I am forty-three years old, and when I was twenty-six I was diagnosed with Sjogren's Syndrome, but I had probably suffered it for years. The episode that brought it out was my second pregnancy. My second child suffered a bit from the effects of my Sjogren's: he has a heart problem, is diabetic and insulin dependant and two months ago he was diagnosed with angioedematous syndrome (after two episodes of angioedematous urticaria with Edema Quincke).
I try to live well with the illness. I am in treatment with Clorochina, Bisolvon, Tauxib, Nexium, Siccafluid and vaginal gels. I have seven to eight episodes of candidiasis a year, none cystic. I also suffer from total xerophtalmia on my left eye and almost total on my right where there is also a mild macular degeneration. I have migrant polyarthritis and enormous digestive problems.
However, I feel alive and positive. I have learned from my son that you cannot give up. He has shown me that a little boy can get over the shock of a serious malady like his (he has to take four to five daily shots of insulin and as many glycemic controls; he lives his life full of happiness regardless). He plays football at a good level and he is brave. He goes to the Istituto Alberghiero Specialization Cucina-Hotel management school with a specialization in culinary arts--not a bad choice for a diabetic!)
The day I took him to the hospital and he met a boy with a thyroid tumor he told me that he was really fortunate.
My message is, there is always someone who is worse off than we are. Waking up every morning with a smile on our lips is good for both us and the people we love, and it makes any situation bearable, especially because we cannot forget that the illness is also working psychologically. For example, the time when I actually felt worse was when they diagnosed diabetes to my son.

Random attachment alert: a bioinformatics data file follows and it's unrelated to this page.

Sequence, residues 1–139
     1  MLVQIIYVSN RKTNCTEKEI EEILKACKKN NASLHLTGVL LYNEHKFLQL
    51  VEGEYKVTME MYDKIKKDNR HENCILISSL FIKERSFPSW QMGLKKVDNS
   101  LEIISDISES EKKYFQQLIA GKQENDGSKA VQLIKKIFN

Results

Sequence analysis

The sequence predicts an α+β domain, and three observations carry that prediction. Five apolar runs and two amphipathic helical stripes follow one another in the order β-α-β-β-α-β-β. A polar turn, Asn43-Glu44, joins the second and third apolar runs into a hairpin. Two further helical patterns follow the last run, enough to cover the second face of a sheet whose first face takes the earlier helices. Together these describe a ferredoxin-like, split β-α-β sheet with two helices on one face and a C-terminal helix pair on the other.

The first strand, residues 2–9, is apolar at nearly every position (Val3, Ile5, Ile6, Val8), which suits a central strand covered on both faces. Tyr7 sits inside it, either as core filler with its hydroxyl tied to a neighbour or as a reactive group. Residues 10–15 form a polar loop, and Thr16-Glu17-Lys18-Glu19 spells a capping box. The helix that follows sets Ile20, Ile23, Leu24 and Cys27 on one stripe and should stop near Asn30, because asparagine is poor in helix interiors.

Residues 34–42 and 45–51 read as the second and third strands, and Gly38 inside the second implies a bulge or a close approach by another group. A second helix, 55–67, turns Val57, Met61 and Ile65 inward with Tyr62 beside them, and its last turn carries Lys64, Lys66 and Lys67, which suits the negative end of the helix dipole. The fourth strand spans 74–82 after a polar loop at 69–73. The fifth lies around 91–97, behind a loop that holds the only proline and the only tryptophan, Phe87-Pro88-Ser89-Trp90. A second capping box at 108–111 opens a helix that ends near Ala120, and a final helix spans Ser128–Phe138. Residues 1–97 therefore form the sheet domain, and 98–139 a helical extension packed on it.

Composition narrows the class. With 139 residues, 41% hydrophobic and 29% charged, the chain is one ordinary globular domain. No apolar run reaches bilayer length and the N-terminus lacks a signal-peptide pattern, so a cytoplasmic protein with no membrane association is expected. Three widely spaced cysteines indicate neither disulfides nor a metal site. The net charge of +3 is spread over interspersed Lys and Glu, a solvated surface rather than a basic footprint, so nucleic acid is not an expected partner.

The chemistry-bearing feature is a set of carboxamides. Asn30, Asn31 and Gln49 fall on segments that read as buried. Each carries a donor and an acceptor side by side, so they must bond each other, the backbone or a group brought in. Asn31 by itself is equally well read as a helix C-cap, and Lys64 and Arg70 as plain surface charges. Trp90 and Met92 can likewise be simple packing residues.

These days I work, I take care of my home and family, I go to the pool to do some aqua gym (works good for arthritis pain too), I follow my children in their sports passions and I am a great fan. I don't miss a single game. My husband supports me in my worse moments, and also with his love. Last year my sister-in-law died of a brain tumor, right after giving birth to a wonderful baby girl. My brother suffers a lot and he had to reprogram his whole life. These are real dramas. Keep on fighting, tomorrow is another day.
Email: [email protected]
Story edited 11-20-06 JTD
Story posted 11-28-06 SLE
ISN Senior Artist: Sherrill Knaggs
Story Translator: Alba León
Story Editor: Judith Thompson Devlin
(Italiano) Lu: Sindrome di Sjogren
Alba León is the ISN Translator for this page. She is studying international relations in Mexico City.
SCLERO.ORG is the world leader for trustworthy research, support, education and awareness for scleroderma and related illnesses, such as pulmonary hypertension. We are a service of the nonprofit International Scleroderma Network (ISN), which is a 501(c)(3) U.S.-based public charitable foundation, established in 2002. Meet Our Team, or Volunteer. Donations may also be mailed to:
International Scleroderma Network (ISN)
7455 France Ave So #266
Edina, MN 55435-4702 USA
Email [email protected] to request our Welcome email, or to report bad links or to update this page content.